Time magazine’s November 1, 2010 cover headline, “How to Restore the American Dream” by columnist Fareed Zakaria could easily be transplanted in any Kenyan newspaper or magazine this week and fit smugly with our current socio-economic and political impasse.
Written exactly seven years ago today, anyone in the United States then could have seen how polarised a society it was becoming and the hanging concerns over the country’s decline as an economic powerhouse.
One can juxtapose these sentiments with Kenya’s current political limbo; a prolonged four month politicking journey punctuated with staccato shedding of blood, loss of life, citizen unrest and heightened ethnic tensions showing no signs of abating.
The Jubilee Party group rubbishes any lamentations over wrongs it has done, with many of the supporters saying “Accept and move on!” The neutrals ask for prayers and dialogue while Nasa “demands justice”.
Some of these paths have been taken in the past with no permanent remedy to our chronic politics and the ethnocentric violence threatening our nationalism.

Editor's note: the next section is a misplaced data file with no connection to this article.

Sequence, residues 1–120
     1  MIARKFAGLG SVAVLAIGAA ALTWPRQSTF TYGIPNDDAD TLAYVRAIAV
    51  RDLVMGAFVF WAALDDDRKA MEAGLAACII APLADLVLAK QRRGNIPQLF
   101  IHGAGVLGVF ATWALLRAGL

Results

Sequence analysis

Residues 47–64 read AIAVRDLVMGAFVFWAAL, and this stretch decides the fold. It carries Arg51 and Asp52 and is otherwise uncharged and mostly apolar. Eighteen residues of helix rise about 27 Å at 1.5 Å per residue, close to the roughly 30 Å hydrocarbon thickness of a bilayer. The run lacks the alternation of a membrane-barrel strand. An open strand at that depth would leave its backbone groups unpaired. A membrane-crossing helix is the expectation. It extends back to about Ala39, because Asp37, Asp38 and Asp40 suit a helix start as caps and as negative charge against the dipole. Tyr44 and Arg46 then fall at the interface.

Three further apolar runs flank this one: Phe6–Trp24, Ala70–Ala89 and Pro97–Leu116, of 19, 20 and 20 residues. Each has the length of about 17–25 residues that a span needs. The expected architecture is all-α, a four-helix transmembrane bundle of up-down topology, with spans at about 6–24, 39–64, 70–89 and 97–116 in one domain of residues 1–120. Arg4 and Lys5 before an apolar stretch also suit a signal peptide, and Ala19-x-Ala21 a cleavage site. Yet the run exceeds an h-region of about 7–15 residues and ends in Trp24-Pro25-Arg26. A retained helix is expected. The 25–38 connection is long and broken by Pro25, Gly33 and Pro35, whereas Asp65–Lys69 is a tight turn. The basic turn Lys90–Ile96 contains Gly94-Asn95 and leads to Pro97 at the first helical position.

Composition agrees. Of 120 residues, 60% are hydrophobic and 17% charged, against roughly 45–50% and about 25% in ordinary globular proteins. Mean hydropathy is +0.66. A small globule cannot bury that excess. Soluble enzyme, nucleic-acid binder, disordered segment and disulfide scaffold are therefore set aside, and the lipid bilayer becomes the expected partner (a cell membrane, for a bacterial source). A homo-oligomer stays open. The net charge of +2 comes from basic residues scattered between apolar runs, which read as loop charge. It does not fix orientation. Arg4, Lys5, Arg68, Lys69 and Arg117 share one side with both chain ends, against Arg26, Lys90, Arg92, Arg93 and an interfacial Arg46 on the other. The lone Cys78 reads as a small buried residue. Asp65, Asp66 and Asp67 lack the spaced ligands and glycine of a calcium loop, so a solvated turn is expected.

It seems like we are prescribing analgesics for a headache brought about by hypertension; the pain may subside but the pressure may give the patient a stroke and ultimately kill him if left untreated.
To quote Zakaria’s opening paragraph, “With elections around the corner, the good news is that a bipartisan policy agenda can return the country back to prosperity. But no one says it will be easy”.
This is exactly what is needed for Kenya now. A new breed of politicians willing to bridge the political divide and speak in a sober and brutally honest soul-baring way.
Without this, the same old cycle of denial, a peaceful lull and eruption of violence at the next election season will persist.
For this to occur, we need a radical generation of elected leaders to rise up. Unshackled from the encumbrances of demagogic ideologies or blind party affiliations and loyalties.
Patriots who are free to speak up when a policy or party line contradicts the Constitution, defiles democracy and mocks the tenets of justice that makes us all “Kenyans”.
I must confess I am smitten by Nairobi Woman Representative Esther Passaris’ boldness and clarity of vision. She has called out Nasa gaffes at times and won over even erstwhile opponents.
Nairobi Senator Johnson Sakaja too comes out across as someone who can speak his mind, especially now that he has been elected.
Nyali MP Mohamed Ali, Kibra MP Kenneth Okoth together with Dagoretti South MP John Kiarie and independents could form an alliance of sober minded leaders that Kenyans can look to for progress across the political divide.
Hopefully, the flashes of good they recently demonstrated will not fizzle out during the course of their term. The only way forward is for us to break away from non-progressive and retrogressive politics.